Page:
Politico reports that testimony given today by Secretary of State John Kerry to the House Foreign Affairs Committee fell far short of convincing lawmakers to adopt the administration’s perspective on Iran, with Kerry not only stumbling in answering questions regarding the consistency of the White House’s read on Iranian calculations – administration officials have sought to simultaneously insist that sanctions coerced Iran into coming to the table and that new sanctions will push Tehran away – but failing more broadly to convince lawmakers that Iran’s nuclear program can be checked with the leverage that the U.S. currently has at its disposal. The outlet described “a rare display of House unity” with “all the members of the committee who questioned Kerry essentially [telling] him no.”
At the end of the three-hour hearing, House Foreign Affairs Committee Chairman Ed Royce (R-Calif.) and Ranking Member Eliot Engel (D-N.Y.) stood together in front of the cameras to say Kerry had done nothing to dissuade them from their interest in working out an arrangement with the Senate to pass a bill that would create new sanctions with a delay that would immediately be triggered if a six-month deadline passes without a satisfactory final agreement. Asked if Kerry was wrong to say this could endanger all the negotiations, they cited past examples of Congress pushing for sanctions over previous administrations’ objections. Royce said that despite Kerry’s warnings, their six-month delayed sanctions are “a pretty responsible way to make certain that the Iranians do indeed negotiate in good faith.”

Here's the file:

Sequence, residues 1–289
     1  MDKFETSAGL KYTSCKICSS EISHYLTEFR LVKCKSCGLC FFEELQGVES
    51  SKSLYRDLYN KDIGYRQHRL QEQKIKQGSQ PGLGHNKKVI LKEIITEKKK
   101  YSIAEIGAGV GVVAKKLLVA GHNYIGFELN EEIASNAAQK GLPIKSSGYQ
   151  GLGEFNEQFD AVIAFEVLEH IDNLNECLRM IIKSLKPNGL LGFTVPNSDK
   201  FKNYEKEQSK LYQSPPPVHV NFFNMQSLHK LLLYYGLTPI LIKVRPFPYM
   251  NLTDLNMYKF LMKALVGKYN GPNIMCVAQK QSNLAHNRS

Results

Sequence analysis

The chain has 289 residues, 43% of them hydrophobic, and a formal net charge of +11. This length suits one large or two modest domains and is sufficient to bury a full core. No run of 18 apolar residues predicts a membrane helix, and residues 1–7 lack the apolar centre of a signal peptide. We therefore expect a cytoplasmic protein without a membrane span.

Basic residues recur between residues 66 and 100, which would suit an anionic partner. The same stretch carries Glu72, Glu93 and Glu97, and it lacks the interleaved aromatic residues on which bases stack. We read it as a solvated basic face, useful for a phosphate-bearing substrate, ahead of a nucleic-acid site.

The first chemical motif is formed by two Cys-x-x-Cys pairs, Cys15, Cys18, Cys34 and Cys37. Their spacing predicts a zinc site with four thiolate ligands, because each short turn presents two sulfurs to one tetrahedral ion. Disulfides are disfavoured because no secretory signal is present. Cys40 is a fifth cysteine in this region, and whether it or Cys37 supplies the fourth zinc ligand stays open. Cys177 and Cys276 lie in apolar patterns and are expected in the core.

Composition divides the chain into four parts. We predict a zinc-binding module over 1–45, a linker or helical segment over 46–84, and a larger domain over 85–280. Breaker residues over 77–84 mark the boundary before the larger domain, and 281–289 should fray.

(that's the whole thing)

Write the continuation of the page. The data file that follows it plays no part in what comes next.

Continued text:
A string of administration officials have recently been dispatched to the Hill as part of a campaign to persuade lawmakers to forgo passing new sanctions legislation. Javad Zarif, Iran’s foreign minister, this week threatened that any new sanctions legislation – up to and especially the type being considered in the Senate, which would impose new financial pressure only if the six months of upcoming negotiations failed – would cause Iran to abandon talks. Mark Dubowitz, the executive director of Foundation for Defense of Democracies (FDD), assessed that Zarif is essentially bluffing.
Given the state of the Iranian economy, Tehran needs relief from the toughest U.S. financial and energy sanctions. Otherwise, Iran faces continued stagnation or a renewed recession. For Iran to avoid those consequences, Tehran needs a final agreement or, at a minimum, a series of six-month renewable interim agreements that yield direct sanctions relief and a change in market psychology that increases consumer and investor confidence in the Iranian market. Without this, international companies are unlikely to resume business with Iran.
[Photo: AFP news agency / YouTube]